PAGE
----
Katrina Kaye

It is not
her fault.
Storms do
what storms do.

What they have
always done.

It was an
under estimation
of her power,
and a stubborn
belief man could
defy gods
that betrayed.

We know better now.

She reminded us
of our frailty,
our mortality,
as all gods must do
from time
to time.

Call it sacrifice,
call it necessary,
but don’t blame her.

Storms only do
what storms do.

“Storm” is previously published in Chasing Rabbits (2016).


Katrina Kaye

In the darkness
I had you.

On vast plains,
in deep caves,
you were there.

We rode bareback
over land that provided
food, drink, and shelter.
What it did not give,
you could.

I waited out the snow
with you in my arms,
surviving off your heat.

And when spring came,
sun baked life back into the earth,
into the people;

I was already there

alive with you.

“Myth” is previously published in The Fall of a Sparrow (2014).


Katrina Kaye

There is a coyote smeared across the road;
patchy fur in a heap,
blood pools around mangled corpse.

This is on a highway in Texas.

The truck is on its side
three miles from McLean.
I think of the song,

Bye, bye Miss American Pie
drove my Chevy to the levy
but the levy was dry
and them good old boys
drinking whiskey and rye…

The man is thrown at least 10ft,
but it may be farther.
Red horse blanket,
a scattering of clothes from spilt suitcase,
truck stop napkins dancing by the roadside.

There are no paramedics,
just a couple of ER rerun
med degrees holding the body straight.
Two men beat CPR on his bare
chest curled with wiry grey.

But the air is heavy,
thick with freshly departed soul.
As I drive through the meager parade
of on lookers, the world stills.

The flush of the wind flattens,
the rattle of the engine mutes,
bystanders mouths move soundless,
and the song chanting in my mind

singing this will be the day that I die,
this will be the day that I die…


In a moment of desperation
on the side of the highway in
the middle of nowhere, TX,
no one is breathing.

Not the male body sprawled to the ground
or the people hovering near him,
not the young girl running
or the child hugging his mother’s leg.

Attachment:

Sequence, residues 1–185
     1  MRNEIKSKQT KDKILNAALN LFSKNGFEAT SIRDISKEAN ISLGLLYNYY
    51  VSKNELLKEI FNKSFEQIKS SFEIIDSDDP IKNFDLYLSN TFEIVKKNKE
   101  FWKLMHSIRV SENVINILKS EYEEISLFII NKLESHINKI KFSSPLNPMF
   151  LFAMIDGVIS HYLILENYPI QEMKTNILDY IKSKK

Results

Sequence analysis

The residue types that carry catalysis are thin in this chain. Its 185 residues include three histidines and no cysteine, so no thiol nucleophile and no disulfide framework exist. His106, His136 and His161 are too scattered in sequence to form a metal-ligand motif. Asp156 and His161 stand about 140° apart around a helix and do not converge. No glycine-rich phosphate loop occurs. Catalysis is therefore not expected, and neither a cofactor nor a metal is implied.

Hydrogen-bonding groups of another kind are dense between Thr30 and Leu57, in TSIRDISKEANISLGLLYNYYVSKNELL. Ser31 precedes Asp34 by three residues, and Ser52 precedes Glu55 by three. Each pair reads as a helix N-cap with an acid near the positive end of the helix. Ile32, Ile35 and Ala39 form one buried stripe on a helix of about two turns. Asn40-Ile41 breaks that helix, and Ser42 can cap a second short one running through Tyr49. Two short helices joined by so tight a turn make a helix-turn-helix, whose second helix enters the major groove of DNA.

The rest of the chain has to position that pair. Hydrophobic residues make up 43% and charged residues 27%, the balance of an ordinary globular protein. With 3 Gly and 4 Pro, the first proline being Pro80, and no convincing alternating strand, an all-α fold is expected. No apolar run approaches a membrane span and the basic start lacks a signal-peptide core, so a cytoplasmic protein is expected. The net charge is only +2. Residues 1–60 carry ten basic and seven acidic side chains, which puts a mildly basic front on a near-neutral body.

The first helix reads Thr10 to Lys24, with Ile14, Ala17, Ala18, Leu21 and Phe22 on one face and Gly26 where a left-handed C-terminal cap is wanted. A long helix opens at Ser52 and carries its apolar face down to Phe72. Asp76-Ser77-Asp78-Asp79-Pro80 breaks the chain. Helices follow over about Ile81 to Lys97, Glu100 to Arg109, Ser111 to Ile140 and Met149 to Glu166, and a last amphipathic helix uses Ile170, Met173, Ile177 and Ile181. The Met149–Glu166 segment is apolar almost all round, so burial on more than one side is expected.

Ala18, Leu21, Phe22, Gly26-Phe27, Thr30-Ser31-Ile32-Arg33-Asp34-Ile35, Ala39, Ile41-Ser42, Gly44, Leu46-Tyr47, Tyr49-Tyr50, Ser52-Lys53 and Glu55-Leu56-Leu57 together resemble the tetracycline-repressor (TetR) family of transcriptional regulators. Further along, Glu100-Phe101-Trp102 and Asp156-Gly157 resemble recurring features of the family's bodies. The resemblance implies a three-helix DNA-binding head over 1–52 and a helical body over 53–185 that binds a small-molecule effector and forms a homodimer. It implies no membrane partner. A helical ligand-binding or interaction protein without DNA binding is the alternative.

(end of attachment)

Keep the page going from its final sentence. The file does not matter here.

No one is breathing.

It is after that I begin to notice
the deer heaped in the median,
necks twisted and torsos thick with bloat,
hooves kicking skyward.
I count three within the five miles
of the crash site.

It is then I see the coyote.
His head thrown back,
patches of brown fur slaughtered red,
white teeth and bone ground to asphalt.

There is a collective understanding
when an innocent death is witnessed.
A universal helplessness
that spreads thick grease and holds
us captive and silent.
There is no dignity in road kill,
There is no beauty in crushed mandible,
no glory in stained hide or shattered hipbone.

It is a whimper,
not a snarl.
It is a turned over pick up,
sprawled belongings.
It is a bent mile marker
and missing reflectors.

Sometimes it’s indiscernible;
all you see is grass and sky and road,
a blind spot on a highway in Texas,
a broken man.

“Coyote” is previously published in September (2014) and as a performance on Youtube from the 2013 ABQ Grand Slam.

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Katrina Kaye

with you,
I am
14 again.

I never was
that young.

Demure perhaps,
but never

I grew
old over
given to
the young.

But you…

You made me
all eye
and growling

You made me
quick to
tease and
easy to
and completely
in love with you.

In 14 year
old love,
wrapped in
idolatry and

It wasn’t
meant to

“14” is previously published in Rabbits for Luck (2016).